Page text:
Direct democracy of this sort gives voters a chance to work out their frustrations with politicians who do their best to resist the will of the people. That’s partially behind the controversial Question 1 in Massachusetts, known as the Small Government Act to End the Income Tax. In 2000, the voters of the Bay State, resolutely refusing to go along with their reputation as among the country’s most liberal electorate, passed a ballot measure to reduce the state’s income tax rate to 5 percent from 5.75 percent. The state legislature responded with a fiscal maneuver which froze the rate at 5.3 percent, figuring this would assuage voters. It didn’t. In 2002, a local advocate decided to send a message by placing on the ballot an initiative to abolish the income tax, which produces 40 percent of state revenues. Government officials and public employee groups ignored the measure, which they considered too improbable to pass, and were shocked when it garnered 45 percent of the vote.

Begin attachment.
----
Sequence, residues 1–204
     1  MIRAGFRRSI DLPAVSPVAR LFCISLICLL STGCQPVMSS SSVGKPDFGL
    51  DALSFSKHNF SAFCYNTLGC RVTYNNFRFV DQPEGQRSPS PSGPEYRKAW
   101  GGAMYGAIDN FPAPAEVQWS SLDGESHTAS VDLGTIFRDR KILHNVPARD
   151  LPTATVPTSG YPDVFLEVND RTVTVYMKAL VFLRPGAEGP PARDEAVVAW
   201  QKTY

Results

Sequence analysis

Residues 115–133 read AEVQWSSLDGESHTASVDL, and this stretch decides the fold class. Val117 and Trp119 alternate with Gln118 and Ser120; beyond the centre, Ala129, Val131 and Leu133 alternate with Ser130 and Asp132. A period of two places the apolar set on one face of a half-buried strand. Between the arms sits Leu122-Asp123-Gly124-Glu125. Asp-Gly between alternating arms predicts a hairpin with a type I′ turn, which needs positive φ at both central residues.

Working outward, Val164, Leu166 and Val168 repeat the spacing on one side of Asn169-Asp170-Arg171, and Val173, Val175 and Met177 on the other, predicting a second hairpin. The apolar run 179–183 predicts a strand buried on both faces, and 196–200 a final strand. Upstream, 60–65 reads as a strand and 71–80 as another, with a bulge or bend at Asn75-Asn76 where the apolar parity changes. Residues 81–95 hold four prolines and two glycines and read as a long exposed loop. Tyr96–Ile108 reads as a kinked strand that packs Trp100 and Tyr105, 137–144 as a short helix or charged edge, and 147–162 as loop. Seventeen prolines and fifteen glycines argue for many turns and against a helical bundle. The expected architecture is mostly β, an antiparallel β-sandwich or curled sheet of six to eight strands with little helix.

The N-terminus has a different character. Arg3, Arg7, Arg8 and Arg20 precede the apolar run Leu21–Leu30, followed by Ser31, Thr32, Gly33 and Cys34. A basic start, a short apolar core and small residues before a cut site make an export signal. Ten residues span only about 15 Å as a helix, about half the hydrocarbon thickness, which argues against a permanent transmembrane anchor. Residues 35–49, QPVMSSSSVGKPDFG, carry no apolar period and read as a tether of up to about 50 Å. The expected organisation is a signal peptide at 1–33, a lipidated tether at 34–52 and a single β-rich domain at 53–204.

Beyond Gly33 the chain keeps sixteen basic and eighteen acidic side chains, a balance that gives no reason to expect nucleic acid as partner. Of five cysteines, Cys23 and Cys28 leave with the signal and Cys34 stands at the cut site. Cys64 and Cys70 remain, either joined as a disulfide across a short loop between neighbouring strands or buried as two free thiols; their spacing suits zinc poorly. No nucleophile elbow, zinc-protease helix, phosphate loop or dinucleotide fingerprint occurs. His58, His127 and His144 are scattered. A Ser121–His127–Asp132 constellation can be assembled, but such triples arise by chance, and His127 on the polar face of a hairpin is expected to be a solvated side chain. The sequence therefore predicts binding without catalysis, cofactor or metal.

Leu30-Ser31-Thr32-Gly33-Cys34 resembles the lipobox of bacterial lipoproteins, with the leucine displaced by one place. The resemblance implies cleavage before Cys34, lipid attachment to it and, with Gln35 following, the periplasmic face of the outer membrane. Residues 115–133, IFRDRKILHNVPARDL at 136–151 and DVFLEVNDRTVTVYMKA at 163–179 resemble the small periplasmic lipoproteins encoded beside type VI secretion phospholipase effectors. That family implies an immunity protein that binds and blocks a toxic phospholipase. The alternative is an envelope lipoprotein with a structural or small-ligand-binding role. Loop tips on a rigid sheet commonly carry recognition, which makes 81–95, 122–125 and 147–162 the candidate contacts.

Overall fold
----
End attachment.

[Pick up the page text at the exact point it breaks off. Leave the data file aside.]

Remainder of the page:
Now the initiative is back and the public sector is taking it seriously, warning that it would blow an enormous hole in the state budget. Groups opposing it have collected some $1.2 million to fight the ballot proposition, including about $1 million from the 800-pound gorilla of state and local policy fights—teachers unions. Right now, the proposition is supported by 45 percent of voters, compared to 47 percent who oppose it—just a tight enough race to give state politicians a serious headache. As one Massachusetts pol aptly summed up the public mood, “If people are finally fed up and people want to express it, Question 1 is the only game in town.”